Background: Although certain aspects of organizational climate have been shown to influence needlestick and sharps injuries (NSI) among nurses, this issue has not been adequately investigated in Japan. Methods: Our study involved a modified version of the Hospital Safety Climate Scale, which was distributed to a large cross section of nurses in a Japanese teaching hospital. Results: Various aspects of safety climate were associated with a reduced NSI risk, such as being involved in health and safety matters (odds ratio [OR], 0.13; 95% confidence interval [CI]: 0.02-0.65) and being properly trained in risk control procedures (OR, 0.32; 95% CI: 0.12-0.78). Nurses working in departments in which health and safety information was readily available were more likely to report any NSI they sustained (OR, 4.91; 95% CI: 1.30-18.51), whereas nurses working in departments with minimal conflict were less likely to underreport their NSI (OR, 0.45; 95% CI: 0.22-0.87). Conclusion: Overall, this study suggests that hospital safety climate has an important influence on NSI injury rates and reporting behavior among Japanese nurses. Given the multifaceted nature of identified risk, a comprehensive approach to infection control is clearly required and one that encompasses preventive strategies in both the cultural and physical domains.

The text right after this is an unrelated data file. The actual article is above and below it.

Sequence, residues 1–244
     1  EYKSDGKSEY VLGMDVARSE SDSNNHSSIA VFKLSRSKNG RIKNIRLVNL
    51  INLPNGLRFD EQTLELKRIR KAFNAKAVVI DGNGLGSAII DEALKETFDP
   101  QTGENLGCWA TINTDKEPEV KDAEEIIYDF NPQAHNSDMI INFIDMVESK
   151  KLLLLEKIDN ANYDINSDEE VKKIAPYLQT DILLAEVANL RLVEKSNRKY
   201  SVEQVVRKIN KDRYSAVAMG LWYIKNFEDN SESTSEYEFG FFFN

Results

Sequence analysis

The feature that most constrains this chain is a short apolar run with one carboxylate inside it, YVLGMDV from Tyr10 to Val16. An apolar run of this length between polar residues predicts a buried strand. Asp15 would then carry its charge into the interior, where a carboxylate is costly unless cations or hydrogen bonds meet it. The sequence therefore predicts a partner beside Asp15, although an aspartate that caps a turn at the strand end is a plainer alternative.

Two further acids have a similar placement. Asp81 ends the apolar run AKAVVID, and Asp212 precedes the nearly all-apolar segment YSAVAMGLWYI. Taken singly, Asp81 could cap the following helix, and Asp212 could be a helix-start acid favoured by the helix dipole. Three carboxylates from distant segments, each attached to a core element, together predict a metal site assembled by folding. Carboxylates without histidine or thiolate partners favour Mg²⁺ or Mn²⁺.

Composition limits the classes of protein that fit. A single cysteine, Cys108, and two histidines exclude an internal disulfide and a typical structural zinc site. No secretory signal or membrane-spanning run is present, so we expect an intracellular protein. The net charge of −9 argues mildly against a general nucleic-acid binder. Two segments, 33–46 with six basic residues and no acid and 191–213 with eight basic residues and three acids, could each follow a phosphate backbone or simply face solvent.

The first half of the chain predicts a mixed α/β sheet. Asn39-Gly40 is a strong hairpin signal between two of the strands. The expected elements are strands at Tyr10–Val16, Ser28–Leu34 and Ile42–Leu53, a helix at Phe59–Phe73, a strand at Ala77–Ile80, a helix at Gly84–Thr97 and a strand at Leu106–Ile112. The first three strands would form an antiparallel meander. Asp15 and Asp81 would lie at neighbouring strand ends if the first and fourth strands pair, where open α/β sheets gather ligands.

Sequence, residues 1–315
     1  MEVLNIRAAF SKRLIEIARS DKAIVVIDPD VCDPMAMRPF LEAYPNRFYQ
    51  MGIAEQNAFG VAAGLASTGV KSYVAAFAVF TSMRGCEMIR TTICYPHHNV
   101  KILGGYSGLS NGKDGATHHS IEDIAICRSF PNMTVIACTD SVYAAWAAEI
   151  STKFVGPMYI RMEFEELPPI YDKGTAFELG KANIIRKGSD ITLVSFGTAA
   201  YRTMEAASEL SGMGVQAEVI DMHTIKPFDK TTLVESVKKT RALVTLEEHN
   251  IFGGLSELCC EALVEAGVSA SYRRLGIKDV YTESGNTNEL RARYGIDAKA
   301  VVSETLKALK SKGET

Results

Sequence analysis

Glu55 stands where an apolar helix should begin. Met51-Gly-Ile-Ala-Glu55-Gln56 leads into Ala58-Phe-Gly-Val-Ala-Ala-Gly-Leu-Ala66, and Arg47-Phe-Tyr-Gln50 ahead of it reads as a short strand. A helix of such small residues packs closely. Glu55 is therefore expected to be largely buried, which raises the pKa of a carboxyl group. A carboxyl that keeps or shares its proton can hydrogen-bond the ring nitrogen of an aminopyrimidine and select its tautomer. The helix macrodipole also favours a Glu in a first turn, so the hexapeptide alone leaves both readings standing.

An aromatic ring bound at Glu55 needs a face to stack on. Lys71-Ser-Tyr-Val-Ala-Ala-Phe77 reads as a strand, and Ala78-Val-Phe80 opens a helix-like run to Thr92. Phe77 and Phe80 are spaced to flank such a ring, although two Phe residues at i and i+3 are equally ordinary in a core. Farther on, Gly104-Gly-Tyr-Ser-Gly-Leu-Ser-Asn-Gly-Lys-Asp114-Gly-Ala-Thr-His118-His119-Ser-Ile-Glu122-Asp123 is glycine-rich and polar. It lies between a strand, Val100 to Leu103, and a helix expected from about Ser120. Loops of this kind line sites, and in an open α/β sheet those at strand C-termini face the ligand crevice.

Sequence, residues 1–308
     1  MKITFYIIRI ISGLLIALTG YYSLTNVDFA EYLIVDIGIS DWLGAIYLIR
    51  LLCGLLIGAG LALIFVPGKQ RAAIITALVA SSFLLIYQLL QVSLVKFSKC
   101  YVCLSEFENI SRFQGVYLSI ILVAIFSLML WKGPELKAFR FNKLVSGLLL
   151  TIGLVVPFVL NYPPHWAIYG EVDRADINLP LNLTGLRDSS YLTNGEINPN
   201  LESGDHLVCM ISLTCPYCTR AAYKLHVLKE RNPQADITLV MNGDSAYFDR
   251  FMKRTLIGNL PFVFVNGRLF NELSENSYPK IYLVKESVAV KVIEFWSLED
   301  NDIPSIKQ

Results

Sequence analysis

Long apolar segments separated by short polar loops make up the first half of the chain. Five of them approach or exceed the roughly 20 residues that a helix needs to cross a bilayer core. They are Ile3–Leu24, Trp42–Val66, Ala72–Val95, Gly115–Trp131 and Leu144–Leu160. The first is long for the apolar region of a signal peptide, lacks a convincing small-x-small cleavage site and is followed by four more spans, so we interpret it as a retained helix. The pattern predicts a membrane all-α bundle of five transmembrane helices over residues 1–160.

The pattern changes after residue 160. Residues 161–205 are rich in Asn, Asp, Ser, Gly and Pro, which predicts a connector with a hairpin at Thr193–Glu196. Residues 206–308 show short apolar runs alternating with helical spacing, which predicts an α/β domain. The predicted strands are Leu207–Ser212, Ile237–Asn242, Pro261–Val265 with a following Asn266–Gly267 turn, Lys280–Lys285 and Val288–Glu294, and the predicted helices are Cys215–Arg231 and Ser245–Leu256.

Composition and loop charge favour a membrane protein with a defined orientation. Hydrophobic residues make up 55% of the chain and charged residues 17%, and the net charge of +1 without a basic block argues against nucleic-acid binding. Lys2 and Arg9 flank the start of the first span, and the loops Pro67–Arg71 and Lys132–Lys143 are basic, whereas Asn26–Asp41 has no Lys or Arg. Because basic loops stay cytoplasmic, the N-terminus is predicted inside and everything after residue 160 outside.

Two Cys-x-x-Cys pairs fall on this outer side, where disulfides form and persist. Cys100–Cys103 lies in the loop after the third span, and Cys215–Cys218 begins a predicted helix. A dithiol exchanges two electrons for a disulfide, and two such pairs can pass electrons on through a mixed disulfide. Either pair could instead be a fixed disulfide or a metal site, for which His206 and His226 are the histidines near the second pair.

American Journal of Infection Control Vol. 37, Issue 7, p. 545-550